Quinta Jurecic and Benjamin Wittes: Trump’s impeachment brief is a howl of rage
“It’s very difficult to sit there and listen to Mr. Schiff tell the tale that he just told,” White House Counsel Pat Cipollone said. “Let’s remember how we all got here. They made false allegations about a telephone call. The president of the United States declassified that telephone call and released it to the public.” (It’s unclear what about the allegations were false; Trump released the call in a last-ditch effort to forestall impeachment after weeks of stonewalling.)
Cipollone continued: “When Mr. Schiff saw that his allegations were false, and he knew it anyway, what did he do? He went to the House, and he manufactured a fraudulent version of that call. He manufactured a false version of that call. He read it to the American people, and he didn’t tell them it was a complete fake.”
Cipollone’s philippic had effectively zero relevance to the matter at hand, but it was surely not a mistake or a coincidence. The September 26 episode has been at the center of Trump’s defense messaging.
In the president’s reply brief on January 18, Cipollone and Trump’s lawyer Jay Sekulow wrote, “Mr. Schiff created a fraudulent version of the July 25 call and read it to the American people at a congressional hearing, without disclosing that he was simply making it all up. The fact that Mr. Schiff felt the need to fabricate a false version of the July 25 call proves that he and his colleagues knew there was absolutely nothing wrong with that call.”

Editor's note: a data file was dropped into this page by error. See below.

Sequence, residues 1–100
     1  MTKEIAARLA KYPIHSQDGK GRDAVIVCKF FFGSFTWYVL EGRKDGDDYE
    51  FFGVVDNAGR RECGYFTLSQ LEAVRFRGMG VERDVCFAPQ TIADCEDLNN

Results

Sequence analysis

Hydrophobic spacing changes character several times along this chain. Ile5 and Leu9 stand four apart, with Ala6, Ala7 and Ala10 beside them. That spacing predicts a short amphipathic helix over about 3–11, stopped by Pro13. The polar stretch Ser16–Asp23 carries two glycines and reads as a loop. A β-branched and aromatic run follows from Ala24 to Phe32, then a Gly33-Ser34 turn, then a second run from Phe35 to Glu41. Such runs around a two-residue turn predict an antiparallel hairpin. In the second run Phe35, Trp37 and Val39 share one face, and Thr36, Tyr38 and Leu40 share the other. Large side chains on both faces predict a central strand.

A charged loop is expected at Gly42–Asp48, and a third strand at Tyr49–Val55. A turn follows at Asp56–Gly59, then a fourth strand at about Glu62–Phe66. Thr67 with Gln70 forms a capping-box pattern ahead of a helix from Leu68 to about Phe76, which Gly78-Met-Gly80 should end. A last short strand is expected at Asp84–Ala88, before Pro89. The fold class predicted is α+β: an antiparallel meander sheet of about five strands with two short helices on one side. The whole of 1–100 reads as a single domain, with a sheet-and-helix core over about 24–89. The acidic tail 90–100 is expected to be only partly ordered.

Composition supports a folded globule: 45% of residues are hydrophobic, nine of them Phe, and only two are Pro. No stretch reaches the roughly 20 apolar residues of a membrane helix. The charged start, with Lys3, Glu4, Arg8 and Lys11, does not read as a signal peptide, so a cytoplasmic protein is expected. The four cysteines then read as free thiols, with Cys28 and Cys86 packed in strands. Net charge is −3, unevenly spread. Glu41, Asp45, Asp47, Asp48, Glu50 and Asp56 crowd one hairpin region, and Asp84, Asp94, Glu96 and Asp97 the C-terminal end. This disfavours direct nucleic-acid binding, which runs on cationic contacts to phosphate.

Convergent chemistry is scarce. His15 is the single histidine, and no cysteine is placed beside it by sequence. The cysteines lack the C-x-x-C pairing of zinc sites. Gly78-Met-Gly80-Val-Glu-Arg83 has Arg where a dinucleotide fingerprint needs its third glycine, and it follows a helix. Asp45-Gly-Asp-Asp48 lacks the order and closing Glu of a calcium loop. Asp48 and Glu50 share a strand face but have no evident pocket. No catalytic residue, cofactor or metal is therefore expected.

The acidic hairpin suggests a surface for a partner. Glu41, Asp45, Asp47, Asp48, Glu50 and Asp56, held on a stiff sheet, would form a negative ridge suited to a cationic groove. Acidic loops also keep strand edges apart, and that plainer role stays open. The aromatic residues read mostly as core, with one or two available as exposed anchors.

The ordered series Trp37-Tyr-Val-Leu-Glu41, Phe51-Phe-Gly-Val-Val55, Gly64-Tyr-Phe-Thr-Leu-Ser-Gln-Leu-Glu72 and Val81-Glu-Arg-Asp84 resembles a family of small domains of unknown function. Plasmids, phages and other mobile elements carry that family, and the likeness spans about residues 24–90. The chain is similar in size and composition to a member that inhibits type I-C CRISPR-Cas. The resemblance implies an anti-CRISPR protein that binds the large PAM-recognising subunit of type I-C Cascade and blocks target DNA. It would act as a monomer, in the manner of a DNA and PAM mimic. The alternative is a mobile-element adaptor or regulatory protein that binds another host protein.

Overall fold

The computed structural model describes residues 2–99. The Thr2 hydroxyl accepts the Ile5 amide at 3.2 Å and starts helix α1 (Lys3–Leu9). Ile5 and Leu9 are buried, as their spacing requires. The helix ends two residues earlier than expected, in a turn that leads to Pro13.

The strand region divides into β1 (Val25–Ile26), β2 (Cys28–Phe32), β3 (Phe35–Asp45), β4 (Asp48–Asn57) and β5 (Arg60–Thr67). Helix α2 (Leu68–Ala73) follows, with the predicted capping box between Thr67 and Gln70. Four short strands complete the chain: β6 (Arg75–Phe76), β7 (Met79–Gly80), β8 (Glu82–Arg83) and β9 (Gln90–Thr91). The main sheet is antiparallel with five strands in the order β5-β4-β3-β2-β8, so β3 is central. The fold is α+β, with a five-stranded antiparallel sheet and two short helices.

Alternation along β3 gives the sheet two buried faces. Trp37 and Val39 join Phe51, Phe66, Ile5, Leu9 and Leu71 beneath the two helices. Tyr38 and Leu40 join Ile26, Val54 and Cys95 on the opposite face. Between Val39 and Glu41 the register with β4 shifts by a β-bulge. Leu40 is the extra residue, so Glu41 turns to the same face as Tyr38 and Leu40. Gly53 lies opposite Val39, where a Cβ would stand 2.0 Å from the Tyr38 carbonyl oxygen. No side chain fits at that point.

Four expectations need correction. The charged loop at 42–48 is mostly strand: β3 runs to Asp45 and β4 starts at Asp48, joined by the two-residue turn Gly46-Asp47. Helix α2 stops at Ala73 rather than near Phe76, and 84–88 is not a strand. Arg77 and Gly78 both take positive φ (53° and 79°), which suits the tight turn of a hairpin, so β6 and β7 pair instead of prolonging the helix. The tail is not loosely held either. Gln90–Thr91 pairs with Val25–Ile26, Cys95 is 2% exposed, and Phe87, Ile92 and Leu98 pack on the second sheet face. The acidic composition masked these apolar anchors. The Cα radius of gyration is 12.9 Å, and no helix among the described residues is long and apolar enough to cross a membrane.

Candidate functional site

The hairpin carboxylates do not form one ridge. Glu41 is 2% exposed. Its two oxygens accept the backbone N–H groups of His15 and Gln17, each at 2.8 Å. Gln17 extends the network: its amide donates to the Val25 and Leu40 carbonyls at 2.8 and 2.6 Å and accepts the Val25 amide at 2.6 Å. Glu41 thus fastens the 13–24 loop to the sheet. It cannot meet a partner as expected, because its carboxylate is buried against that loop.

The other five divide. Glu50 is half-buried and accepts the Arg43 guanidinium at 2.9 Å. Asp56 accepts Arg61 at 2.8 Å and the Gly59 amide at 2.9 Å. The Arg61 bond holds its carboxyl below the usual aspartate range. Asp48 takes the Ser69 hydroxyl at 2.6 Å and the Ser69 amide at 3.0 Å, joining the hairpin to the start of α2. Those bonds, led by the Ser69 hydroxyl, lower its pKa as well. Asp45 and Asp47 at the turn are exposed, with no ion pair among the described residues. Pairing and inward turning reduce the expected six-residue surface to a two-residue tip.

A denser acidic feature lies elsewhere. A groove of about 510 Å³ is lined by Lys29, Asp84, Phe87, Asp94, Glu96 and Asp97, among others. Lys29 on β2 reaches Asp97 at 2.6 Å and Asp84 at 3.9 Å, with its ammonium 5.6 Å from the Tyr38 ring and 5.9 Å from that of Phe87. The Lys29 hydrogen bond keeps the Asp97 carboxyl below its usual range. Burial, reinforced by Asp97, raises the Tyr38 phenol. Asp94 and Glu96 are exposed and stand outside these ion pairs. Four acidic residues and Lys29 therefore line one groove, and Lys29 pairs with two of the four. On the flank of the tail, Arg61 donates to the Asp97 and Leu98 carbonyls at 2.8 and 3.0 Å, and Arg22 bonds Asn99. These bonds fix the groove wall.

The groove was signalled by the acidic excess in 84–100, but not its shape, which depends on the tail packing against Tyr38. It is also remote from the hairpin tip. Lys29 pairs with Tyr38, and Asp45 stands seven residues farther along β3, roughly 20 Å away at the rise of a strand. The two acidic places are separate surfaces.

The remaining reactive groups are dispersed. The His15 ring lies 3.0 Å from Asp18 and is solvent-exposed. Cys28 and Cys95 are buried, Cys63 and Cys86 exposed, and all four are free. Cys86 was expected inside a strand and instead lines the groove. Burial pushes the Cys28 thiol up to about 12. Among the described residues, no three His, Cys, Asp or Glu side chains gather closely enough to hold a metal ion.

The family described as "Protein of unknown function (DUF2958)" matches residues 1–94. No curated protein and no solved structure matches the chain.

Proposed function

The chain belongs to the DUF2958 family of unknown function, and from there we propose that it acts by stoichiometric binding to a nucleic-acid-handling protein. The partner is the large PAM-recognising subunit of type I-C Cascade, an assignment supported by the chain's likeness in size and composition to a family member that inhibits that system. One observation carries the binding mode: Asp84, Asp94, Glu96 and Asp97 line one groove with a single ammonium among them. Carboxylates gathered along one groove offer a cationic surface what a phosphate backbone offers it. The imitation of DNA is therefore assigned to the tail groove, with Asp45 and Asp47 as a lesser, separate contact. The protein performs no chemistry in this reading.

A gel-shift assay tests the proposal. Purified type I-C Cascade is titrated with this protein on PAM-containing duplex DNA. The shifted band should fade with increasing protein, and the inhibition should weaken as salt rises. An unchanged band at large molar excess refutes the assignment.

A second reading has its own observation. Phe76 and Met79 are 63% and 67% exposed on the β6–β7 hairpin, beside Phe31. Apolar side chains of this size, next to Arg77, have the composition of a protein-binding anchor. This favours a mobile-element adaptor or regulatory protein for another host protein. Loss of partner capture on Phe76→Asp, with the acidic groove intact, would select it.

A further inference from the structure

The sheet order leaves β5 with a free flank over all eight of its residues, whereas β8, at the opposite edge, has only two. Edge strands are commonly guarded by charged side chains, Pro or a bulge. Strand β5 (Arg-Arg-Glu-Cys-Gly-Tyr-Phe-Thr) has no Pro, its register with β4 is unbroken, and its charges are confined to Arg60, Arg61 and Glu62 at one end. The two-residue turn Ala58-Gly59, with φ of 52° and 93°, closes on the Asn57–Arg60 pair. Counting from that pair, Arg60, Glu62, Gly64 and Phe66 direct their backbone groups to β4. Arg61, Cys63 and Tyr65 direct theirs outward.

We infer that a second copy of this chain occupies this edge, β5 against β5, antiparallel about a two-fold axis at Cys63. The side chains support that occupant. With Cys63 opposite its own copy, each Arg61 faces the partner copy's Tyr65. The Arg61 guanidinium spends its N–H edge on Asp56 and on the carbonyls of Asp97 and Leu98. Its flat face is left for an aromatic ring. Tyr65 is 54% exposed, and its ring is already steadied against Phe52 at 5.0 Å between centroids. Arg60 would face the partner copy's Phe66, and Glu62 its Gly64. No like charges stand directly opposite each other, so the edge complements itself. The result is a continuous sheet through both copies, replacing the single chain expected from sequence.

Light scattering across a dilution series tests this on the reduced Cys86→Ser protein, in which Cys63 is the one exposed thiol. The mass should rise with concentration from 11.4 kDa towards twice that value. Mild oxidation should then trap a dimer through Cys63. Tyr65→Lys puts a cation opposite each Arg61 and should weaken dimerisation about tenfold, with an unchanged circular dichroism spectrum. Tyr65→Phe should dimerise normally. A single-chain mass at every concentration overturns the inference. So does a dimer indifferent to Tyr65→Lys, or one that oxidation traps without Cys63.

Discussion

And in their longer trial memorandum on January 20, they wrote, “Chairman Schiff began the hearings in this matter by lying once again and reading a fabricated version of the President’s telephone conversation with President Zelenskyy [sic] to the American people.”
There’s no arguing that Schiff’s rendition of the phone call was extremely dumb. There was no need to dramatize or exaggerate the call, which is is extremely incriminating on its own. With his stunt, Schiff gave his opponents a useful tool to demagogue the whole proceeding. It was perhaps Schiff’s biggest tactical error of the impeachment so far.
And it is also completely beside the point. Cries of “fraudulent” aside, Schiff was fooling no one. The transcript was already, at that point, public, so anyone could read it. No one in the room with Schiff believed he was offering the real transcript; it’s doubtful anyone watching on TV or the internet did, either, and in any case Schiff acknowledged it was not real.
David A. Graham: The big untold story of impeachment? It’s incredibly popular.
That didn’t stop Trump from tweeting about it again and again and again. The frequency with which the president has tweeted about the episode has much to do with the frequency with which his lawyers have invoked it. It’s a question of audience. Sometimes lawyers use legalese; this legal team is speaking Hannity-ese. It isn’t trying to convince any senators as a matter of law, because the lawyers know that there aren’t the votes to convict Trump and remove him from office. Nor are they making any attempt to convince the plurality of Americans who support removing Trump.